SAN DIEGO (CNS) - The total number of annual hours lost to traffic jams during commute hours has been reduced by well over half since 2006, according to a report to be released Friday by the San Diego Association of Governments.
The organization attributes the rapid decline to the poor economy, improved freeway infrastructure and a greater use of public transit.
Five years ago, more than 7 million hours of cars were stuck on jammed freeways in San Diego County, according to the report. In 2009, the last year for which figures are available, the total was down to 2.8 million hours.
The greatest improvements were on southbound Interstate 15 in the North County and northbound Interstate 5 from the Sorrento Valley to Cardiff by the Sea, according to SANDAG data. The report will be delivered to the SANDAG Board of Directors.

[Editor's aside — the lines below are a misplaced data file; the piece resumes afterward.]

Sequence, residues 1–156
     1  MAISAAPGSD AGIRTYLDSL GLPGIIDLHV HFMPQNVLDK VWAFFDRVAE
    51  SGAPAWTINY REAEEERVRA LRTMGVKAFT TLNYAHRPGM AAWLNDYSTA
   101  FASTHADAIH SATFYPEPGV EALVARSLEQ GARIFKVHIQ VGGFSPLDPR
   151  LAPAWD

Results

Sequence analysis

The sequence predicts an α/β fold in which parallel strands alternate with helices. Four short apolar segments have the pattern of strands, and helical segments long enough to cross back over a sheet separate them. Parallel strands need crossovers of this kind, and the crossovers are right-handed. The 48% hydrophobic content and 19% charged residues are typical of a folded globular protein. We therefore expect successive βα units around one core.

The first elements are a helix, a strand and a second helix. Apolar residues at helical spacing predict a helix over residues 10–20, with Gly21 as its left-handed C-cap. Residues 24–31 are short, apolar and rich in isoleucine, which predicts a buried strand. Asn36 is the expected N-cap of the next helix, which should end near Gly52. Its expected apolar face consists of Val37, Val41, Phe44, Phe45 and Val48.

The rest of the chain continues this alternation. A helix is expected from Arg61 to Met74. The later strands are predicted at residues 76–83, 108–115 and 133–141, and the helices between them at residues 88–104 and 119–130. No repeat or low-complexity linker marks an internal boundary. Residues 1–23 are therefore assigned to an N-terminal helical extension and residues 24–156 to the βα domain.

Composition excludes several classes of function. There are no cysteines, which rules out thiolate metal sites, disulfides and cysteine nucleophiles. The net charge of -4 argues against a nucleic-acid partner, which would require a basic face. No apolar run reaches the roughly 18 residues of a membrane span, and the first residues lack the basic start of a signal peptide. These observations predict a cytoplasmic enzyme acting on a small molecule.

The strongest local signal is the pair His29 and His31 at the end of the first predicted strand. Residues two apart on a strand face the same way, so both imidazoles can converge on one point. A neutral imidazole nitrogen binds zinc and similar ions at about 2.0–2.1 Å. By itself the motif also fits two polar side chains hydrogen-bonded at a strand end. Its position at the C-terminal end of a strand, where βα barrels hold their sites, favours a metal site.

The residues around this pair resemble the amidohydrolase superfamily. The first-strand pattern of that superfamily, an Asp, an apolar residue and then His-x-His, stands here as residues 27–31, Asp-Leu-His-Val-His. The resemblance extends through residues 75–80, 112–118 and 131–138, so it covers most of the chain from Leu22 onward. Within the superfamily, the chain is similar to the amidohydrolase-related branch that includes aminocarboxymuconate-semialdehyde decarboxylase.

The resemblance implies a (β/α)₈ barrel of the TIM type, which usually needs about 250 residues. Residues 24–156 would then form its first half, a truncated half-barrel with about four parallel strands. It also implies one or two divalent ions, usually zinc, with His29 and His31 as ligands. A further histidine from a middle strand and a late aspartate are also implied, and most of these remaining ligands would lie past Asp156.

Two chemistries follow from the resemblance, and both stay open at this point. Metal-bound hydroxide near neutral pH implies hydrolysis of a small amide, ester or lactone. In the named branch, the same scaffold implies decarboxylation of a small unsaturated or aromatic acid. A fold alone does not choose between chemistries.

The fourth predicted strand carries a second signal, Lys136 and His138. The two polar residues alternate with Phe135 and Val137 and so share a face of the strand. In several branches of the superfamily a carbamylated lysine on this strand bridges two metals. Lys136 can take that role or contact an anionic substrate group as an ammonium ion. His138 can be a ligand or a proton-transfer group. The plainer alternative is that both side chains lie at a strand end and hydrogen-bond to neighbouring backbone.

The only freeway to worsen over the time period was eastbound state Route 78 through San Marcos, which is now the most consistently congested highway in the county.
The SANDAG report said transit use is up 8 percent since 2006, with the bulk of the increase on Metropolitan Transit System buses and the North County Transit District's Sprinter rail line.
The total number of miles traveled by commuters decreased 1.3 percent since 2006, according to the report.
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Comic-Con International, again expected to draw a wide array of fans of the popular arts, conducts its annual preview night at the San Diego Convention Center Wednesday night.
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There is a renewed call for protective barriers along the State Route 56 bike path where, in some sections, only a chain-link fence separates bike riders from freeway traffic.
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Dogs can be a man's best friend, but also a criminal's worst nightmare. In Wednesday's Zevely Zone, Jeff is in Miramar at the sheriff's K-9 training academy with the new recruits.